A poem that stands out for me (and other people, from what they tell me) is “A Poem Without A Camel.” That was designed to be a very accessible poem that worked on the principle of metonymy and metaphor. The camel can be anything you want it to be, but for me it was something pretty specific and also general: any prohibition applied to poetry. So the person writing the poem without a camel was doing what everyone said you couldn’t do, finding out that it wasn’t impossible after all. People have told me the poem is sad. It is both exhilarating to write without a camel, and sad when one wants the camel again and can’t have it. “The Velveteen Rabbit,” a children’s story by Margery Williams about a toy bunny whose boy grows up and forgets him, probably had an influence on this poem.

4) What was the most difficult poem for you to write? Why? How did you overcome or think through these challenges?

For me the difficulty lies not so much in writing poems as in publishing them. So, the poem that was most difficult for me to see in print was probably “Farm” or “Fantastic Heart” or “Poet Sex” or “On Saturday” because they were so deliberately ugly and self-punishing.

To me a poem is either a success or a failure. Poems that are easy to write tend to be successes. Some poems require more preparation and study than others. Fiddling with a poem rarely makes it better. Lopping off lines, stanzas, paragraphs, sentences, and phrases often makes it worse. If you are trying too hard to write a poem, you are probably either tired or uninspired. In that case you should stop writing and do something else until you find something that inspires you, and get some rest. But don’t expect inspiration to fall into your lap. While you are waiting for it you should be filling your head with words, ideas, images, and reacting emotionally to life, and simulacra such as books and movies. Think of this as preparing the ground for a poem, so that when the seed of inspiration falls into the furrow it has an excellent chance of growing into a beautiful flower or majestic tree.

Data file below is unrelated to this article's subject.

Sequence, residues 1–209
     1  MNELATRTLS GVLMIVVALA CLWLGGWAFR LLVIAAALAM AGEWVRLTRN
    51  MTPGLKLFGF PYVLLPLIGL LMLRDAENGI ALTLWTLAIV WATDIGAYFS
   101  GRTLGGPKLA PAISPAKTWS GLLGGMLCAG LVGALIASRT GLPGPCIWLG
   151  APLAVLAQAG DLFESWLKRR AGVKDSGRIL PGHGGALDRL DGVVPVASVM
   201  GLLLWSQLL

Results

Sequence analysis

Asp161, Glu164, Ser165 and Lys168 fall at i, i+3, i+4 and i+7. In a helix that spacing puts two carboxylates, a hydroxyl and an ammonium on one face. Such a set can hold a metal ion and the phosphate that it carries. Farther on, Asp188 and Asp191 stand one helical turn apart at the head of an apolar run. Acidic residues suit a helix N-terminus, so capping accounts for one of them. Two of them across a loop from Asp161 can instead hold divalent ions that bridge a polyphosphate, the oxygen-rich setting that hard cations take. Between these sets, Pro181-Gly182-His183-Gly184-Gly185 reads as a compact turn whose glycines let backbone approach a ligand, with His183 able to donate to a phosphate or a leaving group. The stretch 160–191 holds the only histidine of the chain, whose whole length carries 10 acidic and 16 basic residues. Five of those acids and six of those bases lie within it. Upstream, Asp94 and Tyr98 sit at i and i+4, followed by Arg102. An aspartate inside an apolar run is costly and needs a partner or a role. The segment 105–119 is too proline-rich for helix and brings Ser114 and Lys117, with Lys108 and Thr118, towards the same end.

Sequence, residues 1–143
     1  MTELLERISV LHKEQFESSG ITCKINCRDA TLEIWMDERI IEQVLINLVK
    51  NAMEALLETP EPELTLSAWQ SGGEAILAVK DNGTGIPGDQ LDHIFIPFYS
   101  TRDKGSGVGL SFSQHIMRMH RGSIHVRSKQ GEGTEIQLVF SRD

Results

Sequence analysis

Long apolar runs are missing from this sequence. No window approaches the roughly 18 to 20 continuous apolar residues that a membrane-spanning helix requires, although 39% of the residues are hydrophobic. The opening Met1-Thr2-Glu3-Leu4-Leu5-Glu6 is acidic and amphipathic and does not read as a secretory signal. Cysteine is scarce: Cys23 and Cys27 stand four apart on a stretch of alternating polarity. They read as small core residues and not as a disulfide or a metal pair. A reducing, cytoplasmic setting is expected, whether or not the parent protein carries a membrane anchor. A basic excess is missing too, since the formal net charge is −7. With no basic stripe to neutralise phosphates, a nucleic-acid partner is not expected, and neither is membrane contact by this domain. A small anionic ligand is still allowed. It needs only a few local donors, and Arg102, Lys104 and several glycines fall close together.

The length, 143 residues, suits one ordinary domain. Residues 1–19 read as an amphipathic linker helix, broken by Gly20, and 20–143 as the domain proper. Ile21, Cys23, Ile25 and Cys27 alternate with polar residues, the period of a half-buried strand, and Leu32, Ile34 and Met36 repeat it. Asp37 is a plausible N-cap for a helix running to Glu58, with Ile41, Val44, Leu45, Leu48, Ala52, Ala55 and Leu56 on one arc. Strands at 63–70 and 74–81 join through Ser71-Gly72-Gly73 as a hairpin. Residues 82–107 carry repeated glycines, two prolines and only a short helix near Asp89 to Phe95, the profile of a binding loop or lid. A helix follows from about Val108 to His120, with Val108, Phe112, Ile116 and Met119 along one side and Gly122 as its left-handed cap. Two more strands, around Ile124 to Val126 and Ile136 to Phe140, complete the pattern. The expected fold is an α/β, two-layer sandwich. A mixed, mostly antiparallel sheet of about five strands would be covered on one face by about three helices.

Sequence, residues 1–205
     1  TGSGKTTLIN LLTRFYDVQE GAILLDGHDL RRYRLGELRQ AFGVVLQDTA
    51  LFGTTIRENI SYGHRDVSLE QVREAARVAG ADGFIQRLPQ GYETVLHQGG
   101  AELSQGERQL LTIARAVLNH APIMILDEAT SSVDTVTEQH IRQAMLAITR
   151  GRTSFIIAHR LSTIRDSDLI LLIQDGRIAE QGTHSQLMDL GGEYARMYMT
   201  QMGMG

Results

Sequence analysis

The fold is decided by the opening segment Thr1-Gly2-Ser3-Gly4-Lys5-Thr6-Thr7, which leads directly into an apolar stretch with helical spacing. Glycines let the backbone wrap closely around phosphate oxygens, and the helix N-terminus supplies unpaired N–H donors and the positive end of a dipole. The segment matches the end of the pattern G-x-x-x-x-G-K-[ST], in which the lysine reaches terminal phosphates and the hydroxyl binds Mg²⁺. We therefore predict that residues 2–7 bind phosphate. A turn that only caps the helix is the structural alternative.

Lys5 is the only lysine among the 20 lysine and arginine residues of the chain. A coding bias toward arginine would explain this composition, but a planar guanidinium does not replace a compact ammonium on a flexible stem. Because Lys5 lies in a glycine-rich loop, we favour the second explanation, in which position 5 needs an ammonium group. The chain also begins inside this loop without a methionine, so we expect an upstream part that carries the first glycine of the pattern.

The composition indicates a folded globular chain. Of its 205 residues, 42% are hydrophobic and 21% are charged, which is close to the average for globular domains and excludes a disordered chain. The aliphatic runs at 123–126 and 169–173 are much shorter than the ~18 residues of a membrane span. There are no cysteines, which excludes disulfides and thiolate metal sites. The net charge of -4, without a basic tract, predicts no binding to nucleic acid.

5) What, to your mind, is the overriding concern of The Real Moon of Poetry? How do specific craft or poetic elements contribute to, intensify, or complicate to this concern?

The Real Moon of Poetry is about loving poetry while simultaneously being tormented by one’s desire and need for it. Ugliness and beauty, love and longing, fear and contempt. The white moon of poetry and the black crow that pecks at your entrails. Even more than “what is poetry?” the poems ask “is this poetry?”

I think that the poems are pretty forthright in the way they address these polarities, and metaphysical or existential problems are solved by application to real or imaginary-world situations. Feelings are invested in things and the things (or, more precisely, the words for them) in turn produce feelings. Images or symbols you might call them instead of things, but to me it makes more sense to think of words as objects in the poem’s field. The imagination is affected by things, or images of things, abstractions don’t awaken it. Poetry is different from other types of human inquiry because its form is self-evidently necessary, so that it can never be superseded or transcended by content (its body can never be left behind or forgotten).